GrasshopperNotes.com - Thoughts for inspired living


The Stock Market Is A Crock Market - Grasshopper

Not as in a "crock of s**t," but as in "Crockpot."

The Grasshopper rarely comments on anything fiscal because it's not usually his area of expertise. That's why this little whispering got my attention.
As it turns out, his observation has farther reaching effects than the buying and selling of financial instruments but indulge me a personal story . . .
I, like many of you, had more money in my IRA or 401K last summer than I do now. The market came tumbling down and I got out after my investments lost over 60% of their value. Now the drama really began.
I decided to become a Wall Street whiz and reinvest in other stocks than had also tanked but had a better chance of having a "meteoric "rise in my mind. I was going to "time the market." Rather than turn this into a comedy, I won't tell you that I thought GM was a good buy at $7.50 a share. It's now hovering above $1.
More money was lost and now I was down 80%. Had I had stayed with my initial investment; I would now only be down 30% - an expensive lesson.
The stock market never comes back as fast as it drops and the return is a marathon, not a sprint. Yes, there are some people who had better luck than I did in timing the market but they're like gamblers who have a big night at the table. On balance, they lose.
Crockpot cooking is slow cooking. Financial return is slow cooking. Life is slow cooking.
Impatience is not a virtue. My investment strategy proves that axiom.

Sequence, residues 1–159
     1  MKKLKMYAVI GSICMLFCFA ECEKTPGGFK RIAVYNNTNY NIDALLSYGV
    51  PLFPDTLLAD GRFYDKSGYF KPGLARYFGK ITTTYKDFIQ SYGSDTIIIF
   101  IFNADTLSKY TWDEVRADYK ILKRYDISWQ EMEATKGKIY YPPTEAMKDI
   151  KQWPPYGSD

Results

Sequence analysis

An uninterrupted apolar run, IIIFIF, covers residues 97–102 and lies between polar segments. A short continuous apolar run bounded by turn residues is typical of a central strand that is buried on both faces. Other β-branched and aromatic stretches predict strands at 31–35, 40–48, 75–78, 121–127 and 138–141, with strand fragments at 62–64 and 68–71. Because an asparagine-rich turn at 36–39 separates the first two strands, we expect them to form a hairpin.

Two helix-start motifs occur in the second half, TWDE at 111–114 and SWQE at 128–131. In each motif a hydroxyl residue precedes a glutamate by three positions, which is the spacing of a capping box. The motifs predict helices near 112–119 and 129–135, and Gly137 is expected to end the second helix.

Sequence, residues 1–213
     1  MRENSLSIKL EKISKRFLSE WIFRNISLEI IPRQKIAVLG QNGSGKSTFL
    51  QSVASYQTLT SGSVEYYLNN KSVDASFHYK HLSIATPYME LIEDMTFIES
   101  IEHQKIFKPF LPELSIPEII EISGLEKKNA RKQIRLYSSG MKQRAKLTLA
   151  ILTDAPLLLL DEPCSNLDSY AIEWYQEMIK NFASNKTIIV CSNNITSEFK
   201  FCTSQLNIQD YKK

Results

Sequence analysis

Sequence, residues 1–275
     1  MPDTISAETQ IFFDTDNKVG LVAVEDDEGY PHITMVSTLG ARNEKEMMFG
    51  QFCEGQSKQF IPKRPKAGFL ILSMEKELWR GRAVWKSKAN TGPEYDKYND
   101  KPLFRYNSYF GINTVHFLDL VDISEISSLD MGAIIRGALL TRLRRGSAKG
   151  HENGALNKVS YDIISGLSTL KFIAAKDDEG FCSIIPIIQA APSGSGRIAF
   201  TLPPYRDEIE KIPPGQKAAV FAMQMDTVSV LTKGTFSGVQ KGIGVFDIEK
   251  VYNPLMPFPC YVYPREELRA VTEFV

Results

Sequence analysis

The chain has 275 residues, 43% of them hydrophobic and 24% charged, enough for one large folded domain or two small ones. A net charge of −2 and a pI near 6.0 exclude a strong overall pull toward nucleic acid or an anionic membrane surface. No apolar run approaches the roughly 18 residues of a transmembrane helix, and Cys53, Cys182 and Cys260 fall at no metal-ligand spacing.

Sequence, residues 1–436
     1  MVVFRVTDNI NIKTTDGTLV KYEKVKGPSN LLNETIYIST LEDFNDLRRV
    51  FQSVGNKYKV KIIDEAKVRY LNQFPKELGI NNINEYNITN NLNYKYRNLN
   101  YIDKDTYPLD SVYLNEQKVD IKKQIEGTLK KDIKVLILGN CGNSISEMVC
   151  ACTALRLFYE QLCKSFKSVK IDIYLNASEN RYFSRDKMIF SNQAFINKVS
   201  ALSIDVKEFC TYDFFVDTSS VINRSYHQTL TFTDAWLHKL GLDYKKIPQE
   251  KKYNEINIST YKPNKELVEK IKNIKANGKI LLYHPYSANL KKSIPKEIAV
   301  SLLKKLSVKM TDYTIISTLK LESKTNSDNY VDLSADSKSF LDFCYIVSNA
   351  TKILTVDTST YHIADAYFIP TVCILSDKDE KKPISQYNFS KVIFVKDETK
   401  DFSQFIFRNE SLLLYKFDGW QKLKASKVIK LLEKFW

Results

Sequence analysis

Some run at a wall full force and bang into it. If it doesn't crumble, they take another crack at it, and then another, and then another until they do damage to themselves. Others make no effort at all. Neither one of them knows about crockpot cooking.
You can't cook a tough cut of beef on a stove top and tenderize it in 10 minutes. The same is true if you make no effort. But if you put it in a crockpot, you can get the desired result. You just have to wait for it cook.
The method that works is noticing that your method isn't working.
If you are always chasing the horizon or waiting for someone to knock on your door, you will have a tough life.
It's time for some crockpot cooking.
Reminds me of another story . . .
A person that worked for me many years ago acted up and verbally abused my assistant. The minute I heard the news, I wanted to confront and fire him. I went to my boss and told him what happened. He said something like, "Isn't it a shame that we can't write down what we want to say or do and stow it away for 24 hours?" I got the message.
I waited 24 hours. In that time, the employee apologized without prompting and took full responsibility for his actions. We retained his services without further incident. Slow cooking.
I am a big proponent for catalysts as long as they enhance the process. What we seem to do when we want to speed things up is to add too much spice and ruin the meal.
Crockpot cooking requires preparation and patience. You have to assemble the ingredients and slice and dice them to the proper proportions before the cooking can begin. You then place them all together in the pot and select the amount of recommended heat and time.
The most important ingredient is patience.
Some have a tendency to plant something and then dig it up the next day to see if it's taking root. That requires that you start all over again. Some never plant anything and wish for a big tomato. Neither strategy works.
If you're not getting the results you want, may I recommend two strategies and their Chinese counterparts:
1.       Stop wishing ("Talk doesn't cook rice.")
2.       Slow down ("The longest journey begins with the first step.")
If someone is telling you that life is a series of shortcuts, the proper response is: "What a crock!"
 
All the best,
John
http://JohnMorganHypnosis.com
http://GrasshopperNotes.com/blog
http://cdbaby.com/cd/johnmorgan
http://www.cafepress.com/grasshoppernote/3580301
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SAVE THE IRISH
 
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